March 16th 2022. This is definitely one of the most significant dates of my life. It is the day I passed my PhD with minor corrections! While a lot has happened in the past four and a half years leading to this day (*cough pandemic*), I must say that the week before my viva was certainly the most stressful period of my PhD.
When the date was confirmed, I was told by my supervisor to start preparing about a week before the actual big scary viva. And yes, I really called it that. If anyone knows me, they’ll know that I’m an anxious person and that waiting two months for the viva would be unbearable. Thankfully, when the date was confirmed I was already employed, so my mind was pre-occupied. In the weeks leading up to my viva however, I could feel my stress levels slowly creeping up; I knew that I had to finish all of my projects at work before my annual leave to go “full-blast” on my viva preparation. In the evenings, I would google ‘how to prepare for PhD viva’ and search for ‘common questions asked in a PhD viva’. Although this might seem rather trivial, it did help my anxiety levels as it allowed me to plan what to expect for the viva itself. And then it came to the actual week before the “big day”.
To-Do: Write A Thesis - Reflecting On My PhD Experience So Far & Advice For New PhD Students By Gemma Rides
On my first day as a PhD student, I grabbed my favourite coffee from Starbucks, sat down in my office, grabbed my new notepad and pen, and wrote…
To-do: Write a thesis
Now, for someone that thrives off colour coding, planning, and ticking off to-do lists, the realisation that I could not cross this task off my list for the next 4 years was more than daunting. Slightly worried, I decided to read and re-read every single handbook, document and book that had been given to me for my PhD induction, hoping for some insight into what I needed to actually do. After a week of reading, I was even more confused than when I started. What do you mean I need to ‘upgrade’ from an MPhil to a PhD? I need to consider ethics, recruitment, training and annual reviews? And what was this terrifying viva?
Floundering First Steps: The First Month Of Starting A PhD By Olivia Eve Arkley
I started my PhD, very unceremoniously on a random Tuesday, March 1st to be exact. However, I have just started the next 4 years of my life.
Beginning a PhD seems daunting at the best of times and during the (hopefully) last leg of a pandemic is even scarier, but this is what I had planned and worked towards for years. Achieving both a BA and MA in Archaeology, graduating from both during varying lockdown restrictions, I purposefully looked to see this passion through to the very end, but I had almost no idea what to do. A little fish in a limitless ocean. I was aware of my research project; I had a good proposal to continue my exploration of the archaeological analysis of human sacrifice that I had begun in my Undergraduate dissertation. While I knew what to do with my topic, I had no idea how a PhD worked daily. Meetings with supervisors and school directors over zoom revealed that my day-to-day tasks were writing the thesis and improving myself as a professional.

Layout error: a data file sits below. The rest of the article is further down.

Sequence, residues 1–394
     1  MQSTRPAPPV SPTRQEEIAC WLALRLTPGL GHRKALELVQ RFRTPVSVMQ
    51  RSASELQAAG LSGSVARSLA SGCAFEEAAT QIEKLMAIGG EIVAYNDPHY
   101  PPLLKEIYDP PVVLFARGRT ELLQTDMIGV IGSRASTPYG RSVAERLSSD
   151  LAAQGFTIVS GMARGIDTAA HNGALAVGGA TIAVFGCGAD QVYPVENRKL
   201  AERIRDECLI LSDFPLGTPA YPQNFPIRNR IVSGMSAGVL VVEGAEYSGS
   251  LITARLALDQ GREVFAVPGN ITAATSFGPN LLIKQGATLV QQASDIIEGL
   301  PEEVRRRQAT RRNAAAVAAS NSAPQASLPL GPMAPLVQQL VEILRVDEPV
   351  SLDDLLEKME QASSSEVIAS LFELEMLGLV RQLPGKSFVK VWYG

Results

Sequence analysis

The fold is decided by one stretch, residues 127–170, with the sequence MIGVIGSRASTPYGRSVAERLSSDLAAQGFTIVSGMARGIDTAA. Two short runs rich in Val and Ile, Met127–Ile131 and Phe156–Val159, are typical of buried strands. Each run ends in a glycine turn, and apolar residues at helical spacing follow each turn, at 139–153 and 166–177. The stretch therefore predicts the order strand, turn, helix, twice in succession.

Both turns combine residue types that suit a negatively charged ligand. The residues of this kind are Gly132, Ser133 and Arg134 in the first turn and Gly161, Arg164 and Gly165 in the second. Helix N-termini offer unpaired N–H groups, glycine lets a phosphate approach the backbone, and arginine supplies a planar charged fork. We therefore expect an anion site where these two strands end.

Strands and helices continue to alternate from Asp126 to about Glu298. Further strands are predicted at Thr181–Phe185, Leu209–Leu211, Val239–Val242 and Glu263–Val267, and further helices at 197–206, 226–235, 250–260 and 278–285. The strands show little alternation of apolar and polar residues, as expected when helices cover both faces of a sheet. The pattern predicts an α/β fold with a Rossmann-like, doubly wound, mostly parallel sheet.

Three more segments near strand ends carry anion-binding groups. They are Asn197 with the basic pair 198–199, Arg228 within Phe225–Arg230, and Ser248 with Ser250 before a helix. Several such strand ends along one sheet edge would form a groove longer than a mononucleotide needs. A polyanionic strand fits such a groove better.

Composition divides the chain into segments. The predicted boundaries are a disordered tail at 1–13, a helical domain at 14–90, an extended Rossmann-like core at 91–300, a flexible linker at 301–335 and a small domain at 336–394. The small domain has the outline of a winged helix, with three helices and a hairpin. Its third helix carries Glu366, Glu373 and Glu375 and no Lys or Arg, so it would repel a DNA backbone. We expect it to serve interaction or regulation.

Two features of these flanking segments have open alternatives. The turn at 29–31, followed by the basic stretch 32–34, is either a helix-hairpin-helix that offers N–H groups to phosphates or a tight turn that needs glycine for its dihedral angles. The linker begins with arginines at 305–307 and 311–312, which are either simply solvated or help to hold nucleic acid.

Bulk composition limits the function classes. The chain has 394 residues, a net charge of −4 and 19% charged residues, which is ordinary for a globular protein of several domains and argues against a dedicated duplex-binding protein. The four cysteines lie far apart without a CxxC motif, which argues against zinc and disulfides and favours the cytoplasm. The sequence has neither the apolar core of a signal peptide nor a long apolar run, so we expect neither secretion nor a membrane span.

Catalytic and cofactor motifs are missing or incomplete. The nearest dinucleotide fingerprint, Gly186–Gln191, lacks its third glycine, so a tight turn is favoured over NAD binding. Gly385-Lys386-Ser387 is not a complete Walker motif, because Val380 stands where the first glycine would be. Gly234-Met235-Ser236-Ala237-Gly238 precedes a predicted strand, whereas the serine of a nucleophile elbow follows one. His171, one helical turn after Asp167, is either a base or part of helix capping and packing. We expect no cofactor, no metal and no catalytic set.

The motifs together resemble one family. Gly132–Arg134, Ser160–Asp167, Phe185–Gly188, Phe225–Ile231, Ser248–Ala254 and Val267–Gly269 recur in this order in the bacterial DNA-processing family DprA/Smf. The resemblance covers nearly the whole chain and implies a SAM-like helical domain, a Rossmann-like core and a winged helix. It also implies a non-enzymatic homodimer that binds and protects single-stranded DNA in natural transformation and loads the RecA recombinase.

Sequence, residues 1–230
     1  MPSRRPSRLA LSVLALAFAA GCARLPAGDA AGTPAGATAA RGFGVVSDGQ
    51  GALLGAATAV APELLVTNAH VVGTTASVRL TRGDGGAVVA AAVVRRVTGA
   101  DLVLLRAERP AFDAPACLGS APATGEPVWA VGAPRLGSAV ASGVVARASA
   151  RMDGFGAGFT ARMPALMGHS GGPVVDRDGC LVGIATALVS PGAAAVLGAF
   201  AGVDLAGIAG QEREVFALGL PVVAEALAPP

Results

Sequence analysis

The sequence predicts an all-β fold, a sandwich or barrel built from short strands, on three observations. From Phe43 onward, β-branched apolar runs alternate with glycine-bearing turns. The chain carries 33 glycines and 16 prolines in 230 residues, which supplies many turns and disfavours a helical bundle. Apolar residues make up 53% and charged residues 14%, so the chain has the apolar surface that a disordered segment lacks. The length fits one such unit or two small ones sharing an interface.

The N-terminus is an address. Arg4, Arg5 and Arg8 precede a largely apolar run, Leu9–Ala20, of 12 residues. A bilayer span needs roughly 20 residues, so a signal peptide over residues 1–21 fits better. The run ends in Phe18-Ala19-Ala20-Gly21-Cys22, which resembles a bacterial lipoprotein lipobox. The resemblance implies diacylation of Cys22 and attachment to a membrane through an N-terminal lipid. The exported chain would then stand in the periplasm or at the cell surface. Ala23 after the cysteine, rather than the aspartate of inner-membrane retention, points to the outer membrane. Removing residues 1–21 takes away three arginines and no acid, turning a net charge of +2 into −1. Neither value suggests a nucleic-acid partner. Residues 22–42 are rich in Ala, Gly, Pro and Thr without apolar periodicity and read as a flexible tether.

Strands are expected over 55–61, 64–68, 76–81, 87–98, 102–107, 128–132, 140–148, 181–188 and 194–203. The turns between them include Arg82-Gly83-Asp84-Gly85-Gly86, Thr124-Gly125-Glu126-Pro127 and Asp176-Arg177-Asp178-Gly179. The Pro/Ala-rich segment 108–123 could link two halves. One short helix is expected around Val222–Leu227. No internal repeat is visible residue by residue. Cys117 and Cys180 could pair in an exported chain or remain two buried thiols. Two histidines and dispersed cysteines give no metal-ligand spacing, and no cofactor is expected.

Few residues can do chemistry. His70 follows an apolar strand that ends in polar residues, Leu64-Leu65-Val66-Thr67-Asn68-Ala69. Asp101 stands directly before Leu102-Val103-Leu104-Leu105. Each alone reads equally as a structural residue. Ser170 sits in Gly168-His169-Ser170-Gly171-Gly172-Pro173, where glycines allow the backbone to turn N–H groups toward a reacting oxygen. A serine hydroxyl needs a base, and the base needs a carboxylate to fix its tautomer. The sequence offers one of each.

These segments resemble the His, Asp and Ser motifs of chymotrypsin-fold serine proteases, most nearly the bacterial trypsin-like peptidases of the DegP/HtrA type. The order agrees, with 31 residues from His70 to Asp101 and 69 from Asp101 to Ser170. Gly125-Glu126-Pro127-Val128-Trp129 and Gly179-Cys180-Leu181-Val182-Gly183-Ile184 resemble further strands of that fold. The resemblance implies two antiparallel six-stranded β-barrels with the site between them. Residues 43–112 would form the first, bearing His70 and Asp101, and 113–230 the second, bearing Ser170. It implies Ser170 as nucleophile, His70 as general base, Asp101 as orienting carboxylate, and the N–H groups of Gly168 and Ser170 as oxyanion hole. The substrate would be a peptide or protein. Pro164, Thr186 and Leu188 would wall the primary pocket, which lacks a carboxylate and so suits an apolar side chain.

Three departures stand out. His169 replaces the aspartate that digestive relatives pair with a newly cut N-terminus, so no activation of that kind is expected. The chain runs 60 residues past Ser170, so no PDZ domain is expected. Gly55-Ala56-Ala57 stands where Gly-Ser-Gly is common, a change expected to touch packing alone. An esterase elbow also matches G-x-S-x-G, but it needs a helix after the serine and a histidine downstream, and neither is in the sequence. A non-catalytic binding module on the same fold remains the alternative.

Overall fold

How My Faith In God Convinced Me To Never Give Up And To Pursue Further Education By D. Gabriel Cruz
Calling all prospective doctoral students (even if you have only ever had the smallest inclination or thought about pursuing a doctorate’s degree), listen up, please! What you are about to embark upon is a reading of the motivating, encouraging, and inspiring true facts of my doctoral pursuit. A story that I hope will bring you one step closer to solidifying the answer of yes; yes, I will seek out a post-graduate degree or yes, I will make a new goal of going to school for a doctoral degree. By no means should my true facts scare you off (that is definitely not my intention at all) but rather I want to give you the nudge you need to take in order to have ‘Dr.’ in front or ‘Ph.D.’ behind your beautiful name.
Keep in mind that if you dive deeper into this great cause (e.g., by posting my story I am hoping others may gain insight and learn from it), you can surmise that I am practicing how to be vulnerable and better my writing skills. This is in the hopes that a small-town boy’s decision to write and post a part of his life for all the world to see will empower each one of you to think about doing the same.
All views expressed are by the individual authors.